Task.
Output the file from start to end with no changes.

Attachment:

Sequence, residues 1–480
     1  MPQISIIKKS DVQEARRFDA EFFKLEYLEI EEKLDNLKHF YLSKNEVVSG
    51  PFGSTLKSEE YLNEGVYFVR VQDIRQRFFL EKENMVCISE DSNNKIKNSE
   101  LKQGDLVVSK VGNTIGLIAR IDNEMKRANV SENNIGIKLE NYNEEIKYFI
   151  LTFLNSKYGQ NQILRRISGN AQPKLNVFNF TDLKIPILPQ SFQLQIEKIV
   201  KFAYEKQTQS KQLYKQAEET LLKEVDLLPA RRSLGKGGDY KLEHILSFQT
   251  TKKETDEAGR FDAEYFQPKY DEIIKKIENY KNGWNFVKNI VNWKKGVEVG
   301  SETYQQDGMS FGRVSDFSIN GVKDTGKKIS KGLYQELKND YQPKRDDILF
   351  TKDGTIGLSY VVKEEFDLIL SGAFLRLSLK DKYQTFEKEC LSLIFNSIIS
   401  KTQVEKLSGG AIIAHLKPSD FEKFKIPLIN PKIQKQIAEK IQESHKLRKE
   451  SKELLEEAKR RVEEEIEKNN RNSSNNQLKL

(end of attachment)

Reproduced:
Sequence, residues 1–480
     1  MPQISIIKKS DVQEARRFDA EFFKLEYLEI EEKLDNLKHF YLSKNEVVSG
    51  PFGSTLKSEE YLNEGVYFVR VQDIRQRFFL EKENMVCISE DSNNKIKNSE
   101  LKQGDLVVSK VGNTIGLIAR IDNEMKRANV SENNIGIKLE NYNEEIKYFI
   151  LTFLNSKYGQ NQILRRISGN AQPKLNVFNF TDLKIPILPQ SFQLQIEKIV
   201  KFAYEKQTQS KQLYKQAEET LLKEVDLLPA RRSLGKGGDY KLEHILSFQT
   251  TKKETDEAGR FDAEYFQPKY DEIIKKIENY KNGWNFVKNI VNWKKGVEVG
   301  SETYQQDGMS FGRVSDFSIN GVKDTGKKIS KGLYQELKND YQPKRDDILF
   351  TKDGTIGLSY VVKEEFDLIL SGAFLRLSLK DKYQTFEKEC LSLIFNSIIS
   401  KTQVEKLSGG AIIAHLKPSD FEKFKIPLIN PKIQKQIAEK IQESHKLRKE
   451  SKELLEEAKR RVEEEIEKNN RNSSNNQLKL